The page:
2 min

Sharpe back in court

Kiddie porn trial follows Supreme Court ruling


Robin Sharpe, the man who took his constitutional challenge of Canada’s child pornography law all the way to the Supreme Court Of Canada, is back in court this week – this time with a high-profile Toronto lawyer by his side.

Sharpe says now a group of libertarians in Toronto are funding his defence. They’ve hired lawyer Paul Burstein, who recently argued that possessing marijuana shouldn’t be a crime.

Sharpe says he doesn’t know who his new backers are; but he knows who they aren’t. BC’s Civil Liberties Association was no help at all during the constitutional challenge, he says. He says they were more like saboteurs than friendly intervenors, navigating between rightwing arguments and protecting freedom of expression. Last week the BC Supreme Court, which is hearing the case, denied the association an intervenor status in this trial.

“They put politics before principle looking for what they believed would be acceptable,” he says.

Sharpe was charged with two counts of possessing child pornography and two counts of possession with the alleged intent to distribute child pornography in February 1998, three years after Canada Customs officials first discovered in his luggage computer disks containing a collection of his short stories and a handful of photos of two nude teenagers making out.

When the trial began in 1998, Sharpe filed a constitutional challenge to the law that eventually went all the way to the Supreme Court Of Canada.

He argued that criminalizing the possession of child porn violated his constitutionally guaranteed freedom of expression rights. The BC Supreme Court agreed with him and struck down the simple possession part of the law, while upholding the main prohibition against creating any visual or written representation of anyone who is, or appears to be, under 18 years old and engaged in a sexual act.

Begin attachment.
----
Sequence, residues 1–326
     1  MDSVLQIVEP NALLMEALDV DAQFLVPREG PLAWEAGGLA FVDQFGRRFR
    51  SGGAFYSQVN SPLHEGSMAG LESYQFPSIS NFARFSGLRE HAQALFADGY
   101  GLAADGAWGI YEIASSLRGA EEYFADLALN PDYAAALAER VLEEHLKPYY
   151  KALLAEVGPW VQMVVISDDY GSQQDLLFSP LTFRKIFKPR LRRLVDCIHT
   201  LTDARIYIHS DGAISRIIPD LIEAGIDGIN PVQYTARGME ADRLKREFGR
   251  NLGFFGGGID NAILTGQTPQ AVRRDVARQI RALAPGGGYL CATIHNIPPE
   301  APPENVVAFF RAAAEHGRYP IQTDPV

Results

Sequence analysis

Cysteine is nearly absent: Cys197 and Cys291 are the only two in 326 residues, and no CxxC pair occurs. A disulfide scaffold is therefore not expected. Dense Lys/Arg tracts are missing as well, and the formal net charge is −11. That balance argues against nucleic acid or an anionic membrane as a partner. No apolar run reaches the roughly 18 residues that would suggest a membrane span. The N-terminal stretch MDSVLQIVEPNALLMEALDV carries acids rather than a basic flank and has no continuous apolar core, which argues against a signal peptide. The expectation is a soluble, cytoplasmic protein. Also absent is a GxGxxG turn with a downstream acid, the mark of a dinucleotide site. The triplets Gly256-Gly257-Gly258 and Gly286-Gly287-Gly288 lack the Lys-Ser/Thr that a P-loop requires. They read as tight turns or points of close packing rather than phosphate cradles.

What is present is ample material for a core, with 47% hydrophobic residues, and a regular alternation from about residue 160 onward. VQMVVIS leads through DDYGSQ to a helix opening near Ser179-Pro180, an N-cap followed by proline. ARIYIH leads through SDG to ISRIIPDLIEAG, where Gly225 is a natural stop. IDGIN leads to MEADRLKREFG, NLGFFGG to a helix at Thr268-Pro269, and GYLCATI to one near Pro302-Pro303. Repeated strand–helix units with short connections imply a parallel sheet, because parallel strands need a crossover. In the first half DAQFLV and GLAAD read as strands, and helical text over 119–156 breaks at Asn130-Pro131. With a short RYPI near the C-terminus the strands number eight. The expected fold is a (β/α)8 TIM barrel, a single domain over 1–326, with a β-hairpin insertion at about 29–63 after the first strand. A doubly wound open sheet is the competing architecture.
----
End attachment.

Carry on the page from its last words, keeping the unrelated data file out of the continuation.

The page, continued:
The federal government immediately appealed and didn’t stop appealing until the Supreme Court Of Canada heard the case in 2000 and overturned the rulings of two lower courts.

The Supreme Court ruled that any infringement on freedom of expression by the child porn law was justifiable due to the serious nature of sexual crimes against children. It did, however, make an exception for “self-created” writings and recordings of lawful, private acts by teenagers wishing to record their own sex lives – as long as they keep it to themselves.

Seven years after his legal journey began, Sharpe says he hasn’t accomplished anything.

“We’re stuck with a pernicious law,” he says. Sharpe says he is pleading “not guilty” and arguing that his fictional writings are protected by the artistic merit defence to the law. It’s just fiction, he he says, which doesn’t “advocate” or “counsel” anything.

Sharpe’s skill as a writer has received some acknowledgement. He is a former member of the Sodomy Invasion Review editorial team and of a West End writer’s club.

In his recent book on the Sharpe trial, gay writer and philosophy professor Stan Persky writes, “Sharpe’s standing as a recognized writer in his community, plus the fact that his stories are conventional to the extent of having characters, plots and denouements would appear to meet the requirements newly enunciated by [the Supreme Court Of Canada].”

Sharpe says he also plans to challenge the admissibility of the search warrant police used to enter and examine his apartment in 1996, a year after Customs went through his bags.